Two-thirds of UK financial institutions have no up-to-date anti-fraud policy, according to a survey published this week.
The report, commissioned by Unisys, showed that 45 per cent of companies questioned had no anti-fraud policy at all. Of those that do, over a third have not updated them in the last 12 months. A further 17 per cent were not sure when their anti-fraud policies were last updated.
Of the 876 UK financial institutions that took part in the survey, Unisys said 88 per cent had not appeared to have given any realistic consideration to the threat posed by fraud in electronic payment systems. However, around 50 per cent of respondees recognised that they were at risk from the growing threat posed by such fraudulent activity.
The survey also revealed that 85 per cent of board members of UK financial services companies receive no fraud awareness training at all, and only 34 per cent of all UK financial practitioners receive any realistic training in fraud awareness.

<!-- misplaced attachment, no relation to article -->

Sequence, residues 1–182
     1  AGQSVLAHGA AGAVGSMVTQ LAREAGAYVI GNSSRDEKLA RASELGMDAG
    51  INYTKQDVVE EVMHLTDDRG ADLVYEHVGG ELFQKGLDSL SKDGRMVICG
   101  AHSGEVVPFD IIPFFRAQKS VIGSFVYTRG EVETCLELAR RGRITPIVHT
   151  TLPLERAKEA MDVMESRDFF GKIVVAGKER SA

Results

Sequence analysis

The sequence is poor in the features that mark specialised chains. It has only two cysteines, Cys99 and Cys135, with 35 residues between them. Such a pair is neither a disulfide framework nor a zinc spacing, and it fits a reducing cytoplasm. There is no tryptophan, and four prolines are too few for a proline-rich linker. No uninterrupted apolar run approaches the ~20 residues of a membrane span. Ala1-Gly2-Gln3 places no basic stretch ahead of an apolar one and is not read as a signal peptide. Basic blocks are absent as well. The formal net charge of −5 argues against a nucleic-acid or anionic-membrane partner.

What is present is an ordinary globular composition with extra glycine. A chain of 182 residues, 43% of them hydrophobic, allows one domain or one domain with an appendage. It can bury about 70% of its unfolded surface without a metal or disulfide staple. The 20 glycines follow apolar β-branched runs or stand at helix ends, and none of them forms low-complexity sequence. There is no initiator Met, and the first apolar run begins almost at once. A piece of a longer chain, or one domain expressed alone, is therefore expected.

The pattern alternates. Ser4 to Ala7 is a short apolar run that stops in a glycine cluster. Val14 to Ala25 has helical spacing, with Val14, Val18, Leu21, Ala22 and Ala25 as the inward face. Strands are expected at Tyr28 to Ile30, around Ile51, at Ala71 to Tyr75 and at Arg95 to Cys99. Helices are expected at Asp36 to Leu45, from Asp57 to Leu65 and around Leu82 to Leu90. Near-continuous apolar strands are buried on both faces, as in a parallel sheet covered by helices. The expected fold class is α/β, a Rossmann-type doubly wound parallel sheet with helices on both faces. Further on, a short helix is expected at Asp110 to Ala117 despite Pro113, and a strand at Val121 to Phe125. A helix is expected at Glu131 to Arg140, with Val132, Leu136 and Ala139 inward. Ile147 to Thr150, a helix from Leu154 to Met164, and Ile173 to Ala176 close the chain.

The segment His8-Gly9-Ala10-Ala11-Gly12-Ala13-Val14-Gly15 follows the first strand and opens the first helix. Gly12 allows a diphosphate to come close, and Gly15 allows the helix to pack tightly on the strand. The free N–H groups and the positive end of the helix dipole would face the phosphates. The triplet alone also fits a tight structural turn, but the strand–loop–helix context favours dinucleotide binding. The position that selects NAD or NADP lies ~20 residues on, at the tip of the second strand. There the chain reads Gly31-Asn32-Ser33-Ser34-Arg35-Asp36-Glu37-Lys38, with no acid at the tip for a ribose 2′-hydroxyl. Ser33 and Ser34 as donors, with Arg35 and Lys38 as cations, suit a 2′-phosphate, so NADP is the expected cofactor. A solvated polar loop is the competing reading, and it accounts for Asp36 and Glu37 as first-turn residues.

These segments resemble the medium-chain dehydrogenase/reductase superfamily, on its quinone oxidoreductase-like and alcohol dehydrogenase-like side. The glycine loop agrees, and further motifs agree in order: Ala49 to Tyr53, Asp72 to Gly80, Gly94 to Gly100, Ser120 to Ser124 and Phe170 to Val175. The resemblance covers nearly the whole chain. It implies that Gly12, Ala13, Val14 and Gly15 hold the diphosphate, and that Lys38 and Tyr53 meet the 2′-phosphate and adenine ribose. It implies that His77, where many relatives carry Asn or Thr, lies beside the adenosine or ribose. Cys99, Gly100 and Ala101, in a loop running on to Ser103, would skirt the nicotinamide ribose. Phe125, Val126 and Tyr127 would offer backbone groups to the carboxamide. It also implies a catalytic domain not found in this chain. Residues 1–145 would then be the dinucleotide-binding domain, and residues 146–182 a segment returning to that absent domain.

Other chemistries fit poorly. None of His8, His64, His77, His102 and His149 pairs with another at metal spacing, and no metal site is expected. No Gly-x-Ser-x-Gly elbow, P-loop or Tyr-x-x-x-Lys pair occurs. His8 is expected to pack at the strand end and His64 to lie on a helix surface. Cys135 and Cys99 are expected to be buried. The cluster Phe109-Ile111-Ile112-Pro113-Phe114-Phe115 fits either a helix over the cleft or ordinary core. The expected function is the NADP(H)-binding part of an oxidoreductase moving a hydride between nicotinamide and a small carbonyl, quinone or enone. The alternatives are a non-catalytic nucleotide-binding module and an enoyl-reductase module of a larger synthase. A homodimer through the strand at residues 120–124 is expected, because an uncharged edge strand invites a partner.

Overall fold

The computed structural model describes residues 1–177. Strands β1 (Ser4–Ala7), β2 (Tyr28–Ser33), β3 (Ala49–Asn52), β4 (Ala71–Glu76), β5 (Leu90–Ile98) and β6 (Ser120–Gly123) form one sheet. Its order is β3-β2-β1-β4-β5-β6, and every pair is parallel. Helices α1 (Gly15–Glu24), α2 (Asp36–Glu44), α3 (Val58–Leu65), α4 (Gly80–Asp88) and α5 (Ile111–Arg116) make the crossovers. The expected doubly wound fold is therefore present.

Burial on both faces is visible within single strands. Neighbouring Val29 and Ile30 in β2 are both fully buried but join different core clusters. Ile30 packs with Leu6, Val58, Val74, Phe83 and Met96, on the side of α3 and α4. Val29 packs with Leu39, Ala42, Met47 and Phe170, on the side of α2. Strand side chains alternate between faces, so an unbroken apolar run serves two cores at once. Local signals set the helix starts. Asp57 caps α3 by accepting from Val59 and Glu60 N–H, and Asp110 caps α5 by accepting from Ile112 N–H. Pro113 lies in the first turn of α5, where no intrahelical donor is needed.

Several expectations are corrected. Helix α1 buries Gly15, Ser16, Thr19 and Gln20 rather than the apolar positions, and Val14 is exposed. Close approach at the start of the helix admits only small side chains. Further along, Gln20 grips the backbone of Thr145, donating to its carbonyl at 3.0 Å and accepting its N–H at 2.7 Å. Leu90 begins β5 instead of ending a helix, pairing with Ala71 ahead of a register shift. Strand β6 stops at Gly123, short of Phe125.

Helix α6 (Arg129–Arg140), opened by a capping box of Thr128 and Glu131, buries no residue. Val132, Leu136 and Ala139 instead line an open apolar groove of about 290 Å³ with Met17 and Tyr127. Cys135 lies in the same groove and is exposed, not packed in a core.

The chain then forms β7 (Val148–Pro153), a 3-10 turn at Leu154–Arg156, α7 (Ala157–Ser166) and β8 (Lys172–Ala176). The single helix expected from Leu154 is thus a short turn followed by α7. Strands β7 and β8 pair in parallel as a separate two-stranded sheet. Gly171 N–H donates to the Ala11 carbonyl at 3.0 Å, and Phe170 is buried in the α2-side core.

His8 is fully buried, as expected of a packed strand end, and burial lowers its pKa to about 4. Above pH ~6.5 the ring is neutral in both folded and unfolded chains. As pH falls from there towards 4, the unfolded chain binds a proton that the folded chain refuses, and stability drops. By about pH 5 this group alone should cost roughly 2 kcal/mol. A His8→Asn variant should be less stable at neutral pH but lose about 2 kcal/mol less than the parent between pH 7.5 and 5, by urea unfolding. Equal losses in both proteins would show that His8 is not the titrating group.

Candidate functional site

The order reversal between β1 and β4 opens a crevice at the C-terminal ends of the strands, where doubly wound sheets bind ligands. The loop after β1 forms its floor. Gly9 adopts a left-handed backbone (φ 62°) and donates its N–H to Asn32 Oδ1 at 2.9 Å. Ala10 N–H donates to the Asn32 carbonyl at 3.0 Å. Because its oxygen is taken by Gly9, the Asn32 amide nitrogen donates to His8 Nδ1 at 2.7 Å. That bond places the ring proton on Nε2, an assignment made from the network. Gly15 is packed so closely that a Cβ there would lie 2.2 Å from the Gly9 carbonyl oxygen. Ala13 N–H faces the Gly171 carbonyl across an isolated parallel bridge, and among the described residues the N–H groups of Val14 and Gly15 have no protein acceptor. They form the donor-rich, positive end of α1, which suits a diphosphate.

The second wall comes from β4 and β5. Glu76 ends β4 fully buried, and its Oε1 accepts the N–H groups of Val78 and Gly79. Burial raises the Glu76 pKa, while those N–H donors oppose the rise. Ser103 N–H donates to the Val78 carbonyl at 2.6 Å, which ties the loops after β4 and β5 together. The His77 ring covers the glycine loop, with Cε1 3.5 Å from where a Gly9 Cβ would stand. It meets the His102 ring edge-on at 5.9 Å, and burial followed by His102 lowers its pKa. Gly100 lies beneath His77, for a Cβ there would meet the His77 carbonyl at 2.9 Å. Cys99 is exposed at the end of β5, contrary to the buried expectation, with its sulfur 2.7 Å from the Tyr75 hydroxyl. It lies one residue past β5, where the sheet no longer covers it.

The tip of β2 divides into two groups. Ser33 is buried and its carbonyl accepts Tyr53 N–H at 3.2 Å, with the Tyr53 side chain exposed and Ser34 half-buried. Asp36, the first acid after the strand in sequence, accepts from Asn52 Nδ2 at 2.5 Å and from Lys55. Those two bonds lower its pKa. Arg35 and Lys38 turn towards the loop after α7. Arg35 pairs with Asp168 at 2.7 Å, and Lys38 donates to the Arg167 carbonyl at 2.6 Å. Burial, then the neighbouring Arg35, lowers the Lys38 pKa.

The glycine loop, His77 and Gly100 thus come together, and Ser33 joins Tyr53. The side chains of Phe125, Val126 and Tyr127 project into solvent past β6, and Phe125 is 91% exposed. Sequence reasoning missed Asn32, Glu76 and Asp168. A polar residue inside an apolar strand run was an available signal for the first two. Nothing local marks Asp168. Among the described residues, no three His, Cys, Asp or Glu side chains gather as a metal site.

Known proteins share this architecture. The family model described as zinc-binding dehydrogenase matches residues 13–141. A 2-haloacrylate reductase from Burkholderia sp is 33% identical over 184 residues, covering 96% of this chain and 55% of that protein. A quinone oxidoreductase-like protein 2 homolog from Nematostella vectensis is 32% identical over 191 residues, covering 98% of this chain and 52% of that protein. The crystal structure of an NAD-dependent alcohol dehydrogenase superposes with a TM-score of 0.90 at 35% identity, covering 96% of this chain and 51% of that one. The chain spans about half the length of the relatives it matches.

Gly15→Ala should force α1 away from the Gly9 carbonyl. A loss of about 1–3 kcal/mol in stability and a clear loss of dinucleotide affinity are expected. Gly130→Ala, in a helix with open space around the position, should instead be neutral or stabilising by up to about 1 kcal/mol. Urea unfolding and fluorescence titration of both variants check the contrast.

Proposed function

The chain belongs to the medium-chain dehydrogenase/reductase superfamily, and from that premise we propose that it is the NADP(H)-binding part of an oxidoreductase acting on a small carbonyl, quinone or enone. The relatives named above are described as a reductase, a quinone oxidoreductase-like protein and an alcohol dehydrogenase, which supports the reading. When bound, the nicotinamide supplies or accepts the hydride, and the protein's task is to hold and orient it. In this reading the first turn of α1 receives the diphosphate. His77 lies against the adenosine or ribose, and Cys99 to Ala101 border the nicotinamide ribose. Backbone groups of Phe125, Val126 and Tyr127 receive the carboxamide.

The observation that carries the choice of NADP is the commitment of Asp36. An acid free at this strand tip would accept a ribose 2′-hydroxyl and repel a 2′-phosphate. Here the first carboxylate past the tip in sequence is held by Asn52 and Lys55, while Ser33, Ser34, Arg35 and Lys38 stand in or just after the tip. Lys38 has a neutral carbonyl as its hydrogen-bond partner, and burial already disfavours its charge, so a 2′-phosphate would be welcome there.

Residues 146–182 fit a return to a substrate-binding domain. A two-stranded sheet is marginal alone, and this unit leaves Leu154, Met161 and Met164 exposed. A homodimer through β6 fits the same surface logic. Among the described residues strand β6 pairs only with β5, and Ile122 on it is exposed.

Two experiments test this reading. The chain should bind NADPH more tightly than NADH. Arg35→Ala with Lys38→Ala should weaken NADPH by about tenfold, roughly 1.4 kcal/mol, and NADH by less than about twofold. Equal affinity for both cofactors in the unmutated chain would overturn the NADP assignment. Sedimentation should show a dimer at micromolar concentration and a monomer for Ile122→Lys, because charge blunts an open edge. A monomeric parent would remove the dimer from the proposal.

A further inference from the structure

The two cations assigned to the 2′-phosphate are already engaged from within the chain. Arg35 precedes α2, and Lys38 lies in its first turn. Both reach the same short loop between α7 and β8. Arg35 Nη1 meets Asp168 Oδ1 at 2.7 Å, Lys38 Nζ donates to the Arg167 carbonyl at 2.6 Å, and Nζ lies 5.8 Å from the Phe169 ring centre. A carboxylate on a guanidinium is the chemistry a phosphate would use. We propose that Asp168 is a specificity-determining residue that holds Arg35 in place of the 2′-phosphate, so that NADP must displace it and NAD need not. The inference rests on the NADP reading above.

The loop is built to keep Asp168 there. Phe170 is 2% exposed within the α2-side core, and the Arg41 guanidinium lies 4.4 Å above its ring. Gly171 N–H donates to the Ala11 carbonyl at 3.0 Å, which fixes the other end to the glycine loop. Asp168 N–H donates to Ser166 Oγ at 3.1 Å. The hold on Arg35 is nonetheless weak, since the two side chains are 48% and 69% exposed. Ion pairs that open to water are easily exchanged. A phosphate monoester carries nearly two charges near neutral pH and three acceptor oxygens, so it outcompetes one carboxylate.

Rowan Bosworth-Davies, principal consultant of the Unisys financial compliance group whose team conducted the survey, commented: "I never cease to be shocked at the complacency demonstrated by so many financial services companies when the question of implementing best practice anti-fraud provision is considered.
"There were 142,311 notified cheque and credit card frauds in the UK last year, yet management continues to ignore the evidence that good training and threat awareness programmes for staff regularly pay major dividends in terms of crime prevention."
He added: "The absence of urgency to address the real risks posed by the emergence of ecommerce issues, is worrying. Watch out for a major jump in fraud statistics."
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